For Immediate Release:
SAINT PAUL, MN – Consumers and businesses in Minnesota often forget that their confidence in buying goods depends on accurate scales and measures that ensure consumers get what they pay for, and businesses compete on a level playing field. This is all due to the diligence of state weights and measures inspectors. The Minnesota Department of Commerce – Weights and Measures Division and the National Conference on Weights and Measures celebrates these public servants each year with Weights and Measures Week, March 1-7.
“Weights and measures enforcement is a basic, fundamental component of commerce and consumer protection,” said Commerce Commissioner Mike Rothman. “The accuracy of scales for groceries and goods, and the precision of our gas pumps and fuels serve both consumers and business owners.”
The theme of Weights and Measures Week 2013 is “Common Cents.” Referencing the fact that, on average, weights and measures enforcement costs Minnesotans very little each year for this fundamental regulatory presence in the marketplace.
Small errors in a grocery store scale can cost big money, either for grocery stores or consumers. For example, according to the Department of Commerce’s Weights and Measurers Division, a typical large grocery store meat department sells 92,600 packages of meat per year. A scale with an error of $0.01 per pound can cost up to $17,000 on the part of either consumers or grocery stores.
The date for Weights and Measures Week commemorates the signing of the first United States weights and measures law by John Adams on March 2, 1799. Since then, there have been advancements from mechanical devices to highly sophisticated, software-based weighing and measuring instruments. Today’s inspectors represent a new generation of trained professionals with expertise ranging from software security to motor fuel chemistry. Part of the long history of weights and measures in the United States, the Minnesota Department of Commerce’s Weights and Measures Division was the state’s first consumer protection agency – created in 1885.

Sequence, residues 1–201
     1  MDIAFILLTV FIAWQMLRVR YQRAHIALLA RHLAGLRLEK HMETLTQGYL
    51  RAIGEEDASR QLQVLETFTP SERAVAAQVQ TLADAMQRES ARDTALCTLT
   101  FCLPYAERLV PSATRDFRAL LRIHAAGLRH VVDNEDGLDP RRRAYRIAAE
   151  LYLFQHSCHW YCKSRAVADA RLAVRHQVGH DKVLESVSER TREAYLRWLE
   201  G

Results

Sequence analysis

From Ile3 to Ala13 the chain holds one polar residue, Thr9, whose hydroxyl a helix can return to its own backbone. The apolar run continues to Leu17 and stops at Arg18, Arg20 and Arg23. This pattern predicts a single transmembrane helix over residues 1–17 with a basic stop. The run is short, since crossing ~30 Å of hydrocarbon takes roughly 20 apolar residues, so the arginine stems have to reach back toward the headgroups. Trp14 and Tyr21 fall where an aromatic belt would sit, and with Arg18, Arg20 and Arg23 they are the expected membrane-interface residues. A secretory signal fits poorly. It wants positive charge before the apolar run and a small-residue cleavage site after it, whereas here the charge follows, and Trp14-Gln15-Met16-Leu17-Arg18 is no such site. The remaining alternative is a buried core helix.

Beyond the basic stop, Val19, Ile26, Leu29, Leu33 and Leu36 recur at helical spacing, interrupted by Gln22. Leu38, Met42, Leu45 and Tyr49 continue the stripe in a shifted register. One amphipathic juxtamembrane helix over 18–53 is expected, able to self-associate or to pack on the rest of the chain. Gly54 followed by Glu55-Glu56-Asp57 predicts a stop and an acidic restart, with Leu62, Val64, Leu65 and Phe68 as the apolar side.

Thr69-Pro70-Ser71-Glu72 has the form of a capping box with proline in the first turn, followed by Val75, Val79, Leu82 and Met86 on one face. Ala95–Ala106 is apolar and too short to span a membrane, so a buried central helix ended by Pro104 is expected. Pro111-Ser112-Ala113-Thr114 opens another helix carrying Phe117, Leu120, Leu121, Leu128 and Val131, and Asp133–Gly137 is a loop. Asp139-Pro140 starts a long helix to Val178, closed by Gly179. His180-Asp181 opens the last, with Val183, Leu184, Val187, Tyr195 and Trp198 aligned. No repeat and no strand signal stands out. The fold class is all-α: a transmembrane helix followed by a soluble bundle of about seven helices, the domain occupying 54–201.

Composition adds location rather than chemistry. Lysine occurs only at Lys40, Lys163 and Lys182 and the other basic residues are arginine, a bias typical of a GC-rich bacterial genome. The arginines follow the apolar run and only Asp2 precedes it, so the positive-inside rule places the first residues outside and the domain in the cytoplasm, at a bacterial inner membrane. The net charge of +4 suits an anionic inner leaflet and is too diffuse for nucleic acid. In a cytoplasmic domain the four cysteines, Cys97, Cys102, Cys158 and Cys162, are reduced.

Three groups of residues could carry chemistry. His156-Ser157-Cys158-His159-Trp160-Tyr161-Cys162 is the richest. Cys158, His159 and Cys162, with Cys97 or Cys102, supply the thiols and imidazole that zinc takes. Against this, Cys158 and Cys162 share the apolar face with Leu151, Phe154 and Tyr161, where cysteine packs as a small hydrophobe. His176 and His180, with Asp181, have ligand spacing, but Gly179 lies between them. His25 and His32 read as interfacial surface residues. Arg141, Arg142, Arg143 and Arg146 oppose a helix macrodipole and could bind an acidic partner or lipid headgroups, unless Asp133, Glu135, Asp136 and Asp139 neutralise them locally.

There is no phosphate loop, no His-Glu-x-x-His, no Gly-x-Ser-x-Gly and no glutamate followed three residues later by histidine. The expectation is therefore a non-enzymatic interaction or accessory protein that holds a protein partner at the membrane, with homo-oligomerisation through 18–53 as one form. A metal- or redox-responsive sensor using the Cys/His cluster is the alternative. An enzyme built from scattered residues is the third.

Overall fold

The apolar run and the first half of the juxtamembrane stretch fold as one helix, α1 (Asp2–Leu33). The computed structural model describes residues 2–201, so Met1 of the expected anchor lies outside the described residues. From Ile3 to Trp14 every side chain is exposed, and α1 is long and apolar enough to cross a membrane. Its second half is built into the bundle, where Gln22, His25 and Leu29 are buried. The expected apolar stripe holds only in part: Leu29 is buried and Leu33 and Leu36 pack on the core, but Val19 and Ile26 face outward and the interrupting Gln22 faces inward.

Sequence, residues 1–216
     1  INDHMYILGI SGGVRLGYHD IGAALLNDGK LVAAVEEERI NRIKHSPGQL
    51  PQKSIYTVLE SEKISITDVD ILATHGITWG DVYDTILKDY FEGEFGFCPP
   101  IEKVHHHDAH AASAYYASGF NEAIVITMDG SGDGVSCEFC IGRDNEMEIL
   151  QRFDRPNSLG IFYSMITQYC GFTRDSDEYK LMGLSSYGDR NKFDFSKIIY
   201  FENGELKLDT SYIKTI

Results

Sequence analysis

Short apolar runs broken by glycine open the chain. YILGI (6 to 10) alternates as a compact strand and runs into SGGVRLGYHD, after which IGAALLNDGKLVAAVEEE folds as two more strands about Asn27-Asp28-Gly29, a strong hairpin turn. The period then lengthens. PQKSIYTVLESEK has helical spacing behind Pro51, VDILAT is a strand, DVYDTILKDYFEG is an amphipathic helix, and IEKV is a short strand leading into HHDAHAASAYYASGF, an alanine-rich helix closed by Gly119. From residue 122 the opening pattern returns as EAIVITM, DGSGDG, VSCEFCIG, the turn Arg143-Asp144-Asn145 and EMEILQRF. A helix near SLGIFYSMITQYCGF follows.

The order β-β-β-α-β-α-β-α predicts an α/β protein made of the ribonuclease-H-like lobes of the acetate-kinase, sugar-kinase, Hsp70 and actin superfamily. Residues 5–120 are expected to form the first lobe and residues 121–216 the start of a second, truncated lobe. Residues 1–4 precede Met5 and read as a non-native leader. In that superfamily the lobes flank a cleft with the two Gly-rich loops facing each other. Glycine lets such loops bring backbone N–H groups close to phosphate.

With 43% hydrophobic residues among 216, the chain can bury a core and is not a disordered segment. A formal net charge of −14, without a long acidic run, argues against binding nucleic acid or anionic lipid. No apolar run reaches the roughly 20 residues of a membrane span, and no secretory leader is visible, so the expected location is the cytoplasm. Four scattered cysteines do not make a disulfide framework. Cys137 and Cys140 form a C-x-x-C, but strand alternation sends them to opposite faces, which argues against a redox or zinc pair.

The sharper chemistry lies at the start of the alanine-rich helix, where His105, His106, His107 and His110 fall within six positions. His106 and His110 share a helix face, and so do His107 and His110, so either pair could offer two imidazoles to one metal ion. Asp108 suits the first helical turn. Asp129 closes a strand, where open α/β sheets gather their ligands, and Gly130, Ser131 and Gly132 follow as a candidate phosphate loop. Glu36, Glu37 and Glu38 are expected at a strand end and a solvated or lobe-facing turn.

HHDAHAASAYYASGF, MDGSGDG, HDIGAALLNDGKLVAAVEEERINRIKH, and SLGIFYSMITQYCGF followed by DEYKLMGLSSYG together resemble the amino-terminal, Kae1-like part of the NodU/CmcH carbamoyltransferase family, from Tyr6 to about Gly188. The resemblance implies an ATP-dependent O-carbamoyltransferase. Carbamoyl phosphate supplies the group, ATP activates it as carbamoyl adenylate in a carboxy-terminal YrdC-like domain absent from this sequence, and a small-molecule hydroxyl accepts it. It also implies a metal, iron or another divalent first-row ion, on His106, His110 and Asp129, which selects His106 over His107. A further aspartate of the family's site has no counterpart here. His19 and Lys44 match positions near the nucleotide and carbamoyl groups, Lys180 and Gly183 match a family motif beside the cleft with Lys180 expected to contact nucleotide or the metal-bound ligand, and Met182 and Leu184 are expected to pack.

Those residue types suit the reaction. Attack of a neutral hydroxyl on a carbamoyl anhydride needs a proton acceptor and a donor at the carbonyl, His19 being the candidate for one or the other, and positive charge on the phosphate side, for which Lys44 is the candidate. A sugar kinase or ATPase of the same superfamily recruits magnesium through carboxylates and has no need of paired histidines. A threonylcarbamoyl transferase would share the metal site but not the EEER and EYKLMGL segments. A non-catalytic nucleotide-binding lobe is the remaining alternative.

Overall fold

Minnesota consumers with questions or concerns should contact the Minnesota Department of Commerce Weights and Measures Division at (651) 215-5821. To find out more about the Weights and Measures Division and helpful consumer tips including a handy conversion tool, what to consider when buying firewood, information about gasoline quality and pricing, or to file a complaint, visit the Weights and Measures website.